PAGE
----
June Edible Gardening Guide: What To Do In Your Garden Now.

I’m delighted to have joined the PIP Newsletter’s monthly Garden Guide team. This guide is part of PIP Magazine’s online newsletter. For really practical tips about what to be doing right now in your garden, check out this June Garden Guide – it’s free and available online.

Morag and participants of the Introduction to Permaculture workshop renewing a garden bed at Northey Street City Farm.

The June Garden Guide includes updates from me in the subtropical region, as well as lots of information from writers in cool temperate and mediterranean climate zones.

If you haven’t seen it yet, I highly recommend checking out PIP Magazine. It’s is the wonderful new Australian permaculture and sustainable living magazine. Issue 5 is currently out.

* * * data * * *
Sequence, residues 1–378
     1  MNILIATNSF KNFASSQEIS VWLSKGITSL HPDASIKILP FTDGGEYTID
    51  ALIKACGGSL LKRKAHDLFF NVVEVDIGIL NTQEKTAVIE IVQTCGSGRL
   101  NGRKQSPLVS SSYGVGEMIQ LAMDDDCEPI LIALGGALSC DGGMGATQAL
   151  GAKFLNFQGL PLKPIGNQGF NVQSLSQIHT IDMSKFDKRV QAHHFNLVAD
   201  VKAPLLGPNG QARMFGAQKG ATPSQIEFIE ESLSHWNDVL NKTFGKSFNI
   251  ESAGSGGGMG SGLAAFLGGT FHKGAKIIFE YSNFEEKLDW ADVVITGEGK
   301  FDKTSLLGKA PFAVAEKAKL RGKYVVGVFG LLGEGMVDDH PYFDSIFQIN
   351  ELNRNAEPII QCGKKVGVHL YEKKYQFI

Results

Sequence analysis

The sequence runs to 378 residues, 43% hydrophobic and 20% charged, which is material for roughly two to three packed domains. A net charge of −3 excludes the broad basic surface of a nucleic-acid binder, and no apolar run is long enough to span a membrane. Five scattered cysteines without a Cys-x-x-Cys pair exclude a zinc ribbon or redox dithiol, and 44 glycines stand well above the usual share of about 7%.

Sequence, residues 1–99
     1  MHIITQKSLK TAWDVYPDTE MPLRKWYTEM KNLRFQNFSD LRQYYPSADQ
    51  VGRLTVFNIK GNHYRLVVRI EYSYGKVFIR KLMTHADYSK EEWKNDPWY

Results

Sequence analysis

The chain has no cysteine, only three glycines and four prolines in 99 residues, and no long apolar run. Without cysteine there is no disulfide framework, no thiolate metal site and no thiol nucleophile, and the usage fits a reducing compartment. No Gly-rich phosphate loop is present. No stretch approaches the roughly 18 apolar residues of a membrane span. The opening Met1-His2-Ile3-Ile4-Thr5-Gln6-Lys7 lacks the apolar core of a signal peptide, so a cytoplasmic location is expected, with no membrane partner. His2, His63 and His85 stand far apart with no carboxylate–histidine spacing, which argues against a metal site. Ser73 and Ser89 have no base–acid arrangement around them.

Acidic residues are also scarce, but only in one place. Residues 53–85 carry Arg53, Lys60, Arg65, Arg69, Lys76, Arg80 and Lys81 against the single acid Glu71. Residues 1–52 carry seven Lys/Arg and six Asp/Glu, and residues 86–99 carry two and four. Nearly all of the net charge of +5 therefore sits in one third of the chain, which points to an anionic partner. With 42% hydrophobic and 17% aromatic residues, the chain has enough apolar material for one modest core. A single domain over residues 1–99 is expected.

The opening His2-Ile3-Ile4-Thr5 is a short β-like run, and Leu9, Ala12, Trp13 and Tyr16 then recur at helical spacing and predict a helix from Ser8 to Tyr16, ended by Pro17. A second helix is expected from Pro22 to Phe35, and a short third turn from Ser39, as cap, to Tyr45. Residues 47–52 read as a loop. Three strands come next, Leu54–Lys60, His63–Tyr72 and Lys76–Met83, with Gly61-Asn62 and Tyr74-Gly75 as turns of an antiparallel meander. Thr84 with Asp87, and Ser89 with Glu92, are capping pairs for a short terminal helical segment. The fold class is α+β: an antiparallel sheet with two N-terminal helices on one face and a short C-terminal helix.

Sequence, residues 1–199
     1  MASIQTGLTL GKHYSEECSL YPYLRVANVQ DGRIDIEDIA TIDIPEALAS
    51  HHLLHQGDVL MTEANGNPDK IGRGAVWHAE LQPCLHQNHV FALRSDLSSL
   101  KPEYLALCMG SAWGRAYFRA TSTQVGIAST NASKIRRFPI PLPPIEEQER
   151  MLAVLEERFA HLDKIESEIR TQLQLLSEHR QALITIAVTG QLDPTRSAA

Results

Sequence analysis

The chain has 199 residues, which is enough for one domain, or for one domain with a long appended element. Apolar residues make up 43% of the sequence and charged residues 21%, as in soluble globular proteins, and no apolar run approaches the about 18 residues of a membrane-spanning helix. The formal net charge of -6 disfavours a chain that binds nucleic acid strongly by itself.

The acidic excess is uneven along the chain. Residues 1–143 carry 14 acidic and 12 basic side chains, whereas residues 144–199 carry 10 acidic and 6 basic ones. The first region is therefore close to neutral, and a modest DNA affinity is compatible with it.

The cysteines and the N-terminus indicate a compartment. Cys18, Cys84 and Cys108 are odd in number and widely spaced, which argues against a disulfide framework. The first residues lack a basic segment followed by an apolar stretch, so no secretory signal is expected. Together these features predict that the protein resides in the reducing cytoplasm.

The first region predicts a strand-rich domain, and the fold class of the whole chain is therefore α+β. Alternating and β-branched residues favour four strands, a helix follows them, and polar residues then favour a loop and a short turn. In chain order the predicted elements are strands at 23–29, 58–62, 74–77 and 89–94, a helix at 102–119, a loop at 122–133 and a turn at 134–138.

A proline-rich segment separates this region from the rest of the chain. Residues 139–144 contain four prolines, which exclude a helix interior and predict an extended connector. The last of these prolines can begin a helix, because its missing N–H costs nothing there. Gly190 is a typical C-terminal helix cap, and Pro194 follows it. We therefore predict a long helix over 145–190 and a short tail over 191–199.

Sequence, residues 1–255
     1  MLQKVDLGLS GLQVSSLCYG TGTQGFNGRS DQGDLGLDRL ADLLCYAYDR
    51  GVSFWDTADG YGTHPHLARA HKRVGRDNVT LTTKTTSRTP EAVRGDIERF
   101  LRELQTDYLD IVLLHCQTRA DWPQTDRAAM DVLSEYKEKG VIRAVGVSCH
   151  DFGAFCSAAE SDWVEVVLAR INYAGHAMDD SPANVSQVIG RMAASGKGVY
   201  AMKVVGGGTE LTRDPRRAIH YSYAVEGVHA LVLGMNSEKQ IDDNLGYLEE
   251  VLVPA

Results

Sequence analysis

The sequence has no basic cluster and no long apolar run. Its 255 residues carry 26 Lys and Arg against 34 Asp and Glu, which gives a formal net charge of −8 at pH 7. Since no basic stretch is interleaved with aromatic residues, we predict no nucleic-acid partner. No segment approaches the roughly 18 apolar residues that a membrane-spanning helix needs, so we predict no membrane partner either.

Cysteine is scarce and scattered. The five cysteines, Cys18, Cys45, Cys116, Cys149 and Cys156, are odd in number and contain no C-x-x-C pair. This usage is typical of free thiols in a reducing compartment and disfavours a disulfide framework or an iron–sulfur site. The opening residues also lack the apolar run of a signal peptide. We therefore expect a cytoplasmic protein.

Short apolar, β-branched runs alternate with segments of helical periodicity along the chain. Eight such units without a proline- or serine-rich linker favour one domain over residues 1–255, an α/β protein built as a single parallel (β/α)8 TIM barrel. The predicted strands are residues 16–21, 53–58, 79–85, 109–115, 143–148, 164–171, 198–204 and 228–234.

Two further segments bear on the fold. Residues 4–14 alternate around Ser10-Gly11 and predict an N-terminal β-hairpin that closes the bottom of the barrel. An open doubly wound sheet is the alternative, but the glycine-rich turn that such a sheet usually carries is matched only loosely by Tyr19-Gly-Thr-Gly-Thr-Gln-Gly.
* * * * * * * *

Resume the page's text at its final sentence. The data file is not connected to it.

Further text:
I am busy writing for the next issue. I contribute the Round the World segment and often an article too.

This is what my June garden guide segment looks like:

Subtropical June Garden Guide

by Morag Gamble of Our Permaculture Life

Comfrey (Photo: Morag Gamble)


I love being out in the garden at this time of year, it is so much cooler – I can even be out in the middle of the day.  Here in the subtropics, the arrival of the cooler weather sees a big change – from tropical plants to cooler climate plants and from wild abundance to more subdued growth.

The diverse polycultural permaculture garden is forever changing, adapting and evolving. It’s amazing to sit back and watch as the summer vigorous plants such as Turmeric, QLD Arrowroot, Yacon and Cassava start to die back ready for harvest, and the cool season plants begin self-seeding everywhere – the green mustard spinaches, the giant red mustard spinach, cherry tomatoes, coriander. My rosellas are still flowering. I am collecting and drying what may be my last batch for the season – this makes a wonderful tea. Unfortunately the leaves are almost gone – I had been enjoying them as a lemony spinach in salads and stir fries.

It’s been a particularly dry summer and autumn. For the past few years we’ve had long hot wet summers, but this year winter has just arrived and so has the rain ….mmm, this is meant to be our dry season!